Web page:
Wallabies of 2014 echo class of 1998: Steve Larkham
August 6, 2014
Steve Larkham reflects on the Bledisloe Cup, and what it meant to him as a boy, a player and an Australian
Three sayings taken as truth: those who fail to learn from history are doomed to repeat it; the darkest hour is just before the dawn; Australia will regain the Bledisloe Cup.
We don't know yet if the Wallabies' dawn will break this year or next, or if they are doomed to another 12 years of ever-darker purgatory, but they will drink from the cup once again; it's a given, just as the Waratahs sometime surely had to win the Super Rugby trophy, and just as the Blues had to end Queensland Maroons' dominance in State of Origin; little tackers in New South Wales hadn't known the winning feeling before June 18, 2014, then, lo and behold, like the figurative London bus …
History did not foresee Australia's 12-year Bledisloe drought - nor the long-term failings of the theoretical Blues and Waratahs powerhouses - but it does say that 2014 might be the year for the Wallabies.
Cast your mind back to July and August 1998: Ricky Martin and Goo Goo Dolls dominated the singles charts; Rod Macqueen had been in charge of the Wallabies as head coach 12 months, appointed after three consecutive pumpings by the All Blacks; and his team were showing improvement one year out from the Rugby World Cup in the northern hemisphere with four consecutive wins against England and Scotland after the nadir of defeat by Argentina in Buenos Aires. New Zealand had won the Bledisloe in nine of the previous 12 seasons, and Australia had not lifted the cup in three years since "The Tackle" in Sydney.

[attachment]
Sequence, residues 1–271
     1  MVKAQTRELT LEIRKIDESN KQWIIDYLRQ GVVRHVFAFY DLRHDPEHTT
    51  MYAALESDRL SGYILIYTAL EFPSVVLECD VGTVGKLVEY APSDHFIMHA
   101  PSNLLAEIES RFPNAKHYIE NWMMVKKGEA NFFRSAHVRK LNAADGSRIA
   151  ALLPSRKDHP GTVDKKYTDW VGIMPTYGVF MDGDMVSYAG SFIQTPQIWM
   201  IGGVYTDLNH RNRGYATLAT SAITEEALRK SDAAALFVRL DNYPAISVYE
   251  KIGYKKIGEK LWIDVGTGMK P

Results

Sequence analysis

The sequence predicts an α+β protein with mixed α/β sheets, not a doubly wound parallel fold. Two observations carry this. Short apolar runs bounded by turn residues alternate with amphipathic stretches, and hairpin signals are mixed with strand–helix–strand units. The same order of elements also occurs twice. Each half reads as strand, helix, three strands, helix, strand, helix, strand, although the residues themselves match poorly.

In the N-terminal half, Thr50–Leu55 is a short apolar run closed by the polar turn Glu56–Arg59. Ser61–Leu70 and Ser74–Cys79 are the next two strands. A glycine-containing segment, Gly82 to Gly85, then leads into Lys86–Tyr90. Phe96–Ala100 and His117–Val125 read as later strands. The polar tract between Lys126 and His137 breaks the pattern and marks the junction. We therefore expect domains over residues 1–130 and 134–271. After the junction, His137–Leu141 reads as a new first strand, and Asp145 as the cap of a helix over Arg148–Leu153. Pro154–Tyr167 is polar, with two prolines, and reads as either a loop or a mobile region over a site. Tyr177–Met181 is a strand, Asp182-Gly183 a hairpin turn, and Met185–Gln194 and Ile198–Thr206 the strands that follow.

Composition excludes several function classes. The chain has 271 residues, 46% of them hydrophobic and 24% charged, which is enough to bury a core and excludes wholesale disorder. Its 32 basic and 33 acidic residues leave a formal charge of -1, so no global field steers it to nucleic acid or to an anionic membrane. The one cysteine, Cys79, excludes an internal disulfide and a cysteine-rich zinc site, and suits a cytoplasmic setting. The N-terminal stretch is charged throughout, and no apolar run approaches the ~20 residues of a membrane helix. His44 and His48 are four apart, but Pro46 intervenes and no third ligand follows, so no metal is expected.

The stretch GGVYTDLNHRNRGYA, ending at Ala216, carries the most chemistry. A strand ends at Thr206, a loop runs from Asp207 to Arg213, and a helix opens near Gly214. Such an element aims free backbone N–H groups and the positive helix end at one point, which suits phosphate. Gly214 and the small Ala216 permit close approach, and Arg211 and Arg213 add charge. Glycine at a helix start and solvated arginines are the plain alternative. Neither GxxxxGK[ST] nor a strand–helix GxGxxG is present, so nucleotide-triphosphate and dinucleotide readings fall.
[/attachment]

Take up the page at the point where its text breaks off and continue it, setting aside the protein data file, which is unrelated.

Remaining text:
Stephen Larkham spoke to ESPN courtesy of HSBC, for whom he is a rugby ambassador © HSBC (Image Supplied)
"Rod Macqueen was the change that Australian rugby needed," Steve Larkham told ESPN exclusively.
"He certainly brought a business-like attitude to our training approach. Everything was done for a reason, and there were goals set; there were visions of where we going to end up in world rugby. There was a real belief in the team that the program we were in was going to be successful and bring results.
"And the guys are feeling that now, with Ewen [McKenzie]. "They've had seven wins in a row and they're starting to get that belief back again. And it's that business approach that Ewen's brought back in to the side; they'll be feeling similar things to us in terms of that belief and that confidence to go out there and beat any opposition in the world."
Australia defeated the All Blacks 24-14 in the first Bledisloe Test of the 1998 campaign before securing the silverware with a remarkable 27-23 victory at Jade Stadium in Christchurch and completing the series sweep with a 19-14 verdict at Sydney Football Stadium. To put a historical context on the victory in Christchurch, the Wallabies had lost six consecutive Tests in the southern city, and they had lost six on end in New Zealand since winning in Wellington in 1990. The home crowd, if not the entire host nation, could not believe what they had seen, that the Wallabies had stolen the Bledisloe, and the "muted sullenness" in the stands prompted then Australian Rugby Union chief executive John O'Neill to ponder memorably ''the silence of the lambs''.